Hindu, Christian and Parsi communities have moved ahead and accepted the first stage of reforms. Let the Muslim community come forward and accept the first stage of reforms which have been embraced by other Islamic countries long ago. In this context, the constitutional promise of a Uniform Civil Code could be conceived around the principles of equality, liberty and fraternity committed to constitutional and gender justice without upsetting cultural sensibilities associated with religion and culture
Today is April 14, the birth anniversary of Dr. B R Ambedkar, which is commemorated as B R Ambedkar Remembrance Day in India to celebrate the legacy of one of India’s most iconic social reformers and politicians. Fondly called Baba Saheb, Dr. B R Ambedkar is widely known as the architect of the Indian Constitution. His legacy is celebrated not only in India but also in various parts of the world, where he is revered as a champion of social justice, equality, and human rights.
Born in 1891 in Mhow, Madhya Pradesh, Dr. Ambedkar embarked on a journey full of struggle and challenges with dogged determination and eventually succeeded in his mission. His life and works are a testament to his unrelenting struggle for the establishment of a just and equitable society.
Despite being born into a socially marginalised community, he rose to become one of the most influential leaders of his time. His tireless efforts towards the uplift of the downtrodden and the marginalised have earned him the title of ‘Father of the Indian Constitution’.
Dr. Ambedkar’s contribution to India’s freedom movement and his tireless struggle to ensure the rights of the Dalits, treated by society as the ‘untouchables’, have earned him a place in the annals of Indian history. He was one of the few leaders who recognised the importance of political power in bringing about social change, and his unwavering commitment to the cause of social justice and equality was the driving force behind his political career.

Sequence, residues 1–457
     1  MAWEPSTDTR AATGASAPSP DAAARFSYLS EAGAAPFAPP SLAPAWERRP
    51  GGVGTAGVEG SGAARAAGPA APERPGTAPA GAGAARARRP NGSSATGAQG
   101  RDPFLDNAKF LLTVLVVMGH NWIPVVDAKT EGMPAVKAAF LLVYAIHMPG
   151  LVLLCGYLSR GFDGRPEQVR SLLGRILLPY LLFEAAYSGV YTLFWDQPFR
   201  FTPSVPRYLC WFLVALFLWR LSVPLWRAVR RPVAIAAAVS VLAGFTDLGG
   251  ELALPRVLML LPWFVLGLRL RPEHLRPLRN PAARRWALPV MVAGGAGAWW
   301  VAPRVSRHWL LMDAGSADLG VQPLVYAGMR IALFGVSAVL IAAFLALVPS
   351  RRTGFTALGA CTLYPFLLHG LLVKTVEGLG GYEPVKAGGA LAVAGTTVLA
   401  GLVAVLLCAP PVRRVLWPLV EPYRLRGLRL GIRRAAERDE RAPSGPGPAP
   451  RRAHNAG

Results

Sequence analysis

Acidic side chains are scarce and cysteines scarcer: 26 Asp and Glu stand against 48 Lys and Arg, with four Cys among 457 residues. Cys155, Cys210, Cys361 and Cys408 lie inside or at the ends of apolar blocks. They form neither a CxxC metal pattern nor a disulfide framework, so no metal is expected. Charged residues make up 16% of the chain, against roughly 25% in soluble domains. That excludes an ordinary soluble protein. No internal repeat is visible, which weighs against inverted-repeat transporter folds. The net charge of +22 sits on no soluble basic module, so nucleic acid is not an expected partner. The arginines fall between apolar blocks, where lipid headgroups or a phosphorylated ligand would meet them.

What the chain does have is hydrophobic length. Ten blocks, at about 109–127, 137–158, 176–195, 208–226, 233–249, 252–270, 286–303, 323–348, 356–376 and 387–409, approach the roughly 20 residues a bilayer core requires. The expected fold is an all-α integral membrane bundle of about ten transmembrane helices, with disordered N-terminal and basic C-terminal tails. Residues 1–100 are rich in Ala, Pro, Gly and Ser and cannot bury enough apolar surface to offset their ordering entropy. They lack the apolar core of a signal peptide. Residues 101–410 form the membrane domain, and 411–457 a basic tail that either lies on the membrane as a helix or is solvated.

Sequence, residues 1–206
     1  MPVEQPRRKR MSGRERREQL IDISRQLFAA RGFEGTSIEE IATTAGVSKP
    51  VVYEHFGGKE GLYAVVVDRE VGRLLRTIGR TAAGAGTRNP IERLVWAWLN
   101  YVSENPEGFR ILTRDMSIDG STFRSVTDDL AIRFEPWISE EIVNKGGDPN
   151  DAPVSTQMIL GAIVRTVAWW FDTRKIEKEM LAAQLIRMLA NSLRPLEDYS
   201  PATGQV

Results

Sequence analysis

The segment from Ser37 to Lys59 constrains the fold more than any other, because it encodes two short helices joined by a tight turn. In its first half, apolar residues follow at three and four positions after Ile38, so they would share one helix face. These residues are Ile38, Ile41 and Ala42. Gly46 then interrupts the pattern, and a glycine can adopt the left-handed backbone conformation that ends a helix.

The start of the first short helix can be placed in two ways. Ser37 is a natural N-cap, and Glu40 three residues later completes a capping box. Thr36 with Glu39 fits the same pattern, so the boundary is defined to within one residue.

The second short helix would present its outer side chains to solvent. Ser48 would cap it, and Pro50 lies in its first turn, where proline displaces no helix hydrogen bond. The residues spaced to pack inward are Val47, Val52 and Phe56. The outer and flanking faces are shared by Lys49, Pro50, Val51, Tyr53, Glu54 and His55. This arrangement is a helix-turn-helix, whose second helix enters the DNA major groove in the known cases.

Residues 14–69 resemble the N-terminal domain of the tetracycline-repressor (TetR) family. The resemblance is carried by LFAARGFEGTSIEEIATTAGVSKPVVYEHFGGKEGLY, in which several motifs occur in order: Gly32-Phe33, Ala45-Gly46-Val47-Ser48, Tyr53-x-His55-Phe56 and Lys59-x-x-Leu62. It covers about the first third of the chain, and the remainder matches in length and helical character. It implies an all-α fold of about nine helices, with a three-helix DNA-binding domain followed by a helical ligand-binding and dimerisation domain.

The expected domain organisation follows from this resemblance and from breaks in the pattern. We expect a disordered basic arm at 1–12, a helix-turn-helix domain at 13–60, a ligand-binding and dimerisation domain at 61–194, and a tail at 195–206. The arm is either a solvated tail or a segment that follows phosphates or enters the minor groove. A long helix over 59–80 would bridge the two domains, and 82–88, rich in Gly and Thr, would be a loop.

Babasaheb was instrumental in ensuring the inclusion of provisions in the Indian Constitution that guaranteed social, economic, and political rights to all citizens, regardless of caste, religion, or gender. He also fought for the abolition of caste system, which had been a bane for Indian society for centuries. His efforts to bring about social change were not limited to the Indian subcontinent, as he was also a champion of the rights of the oppressed and marginalised in other parts of the world.
Dr. Ambedkar’s struggle for equality and social justice continues to inspire millions of people in India and around the world. His vision of an egalitarian society, where every individual is treated with dignity and respect, is as relevant today as it was during his lifetime. As India and the world grapple with issues of social inequality and discrimination, Dr. Ambedkar’s teachings offer a ray of hope and a roadmap for a better future.
In recognition of Dr. Ambedkar’s contribution to the cause of social justice and equality, his birthday is also referred to as ‘Equality Day’ by some in India. It is a day when people from all walks of life come together to celebrate his life and works, and to pledge their commitment to the cause of social justice and equality. On this day, seminars, discussions, and cultural programs are organised to spread awareness about Dr. Ambedkar’s teachings and to honor his memory.
Dr. Ambedkar’s legacy transcends beyond the Indian subcontinent. His teachings have inspired many social and political movements around the world, and his ideas continue to shape the discourse on social justice and human rights. His message of unity and equality, despite differences in caste, religion, or gender, is a message that resonates across borders and has the potential to bring about real change.
Dr. Ambedkar’s contributions to the cause of social justice and equality are unparalleled, and his vision of a just and equal society continues to inspire millions around the world.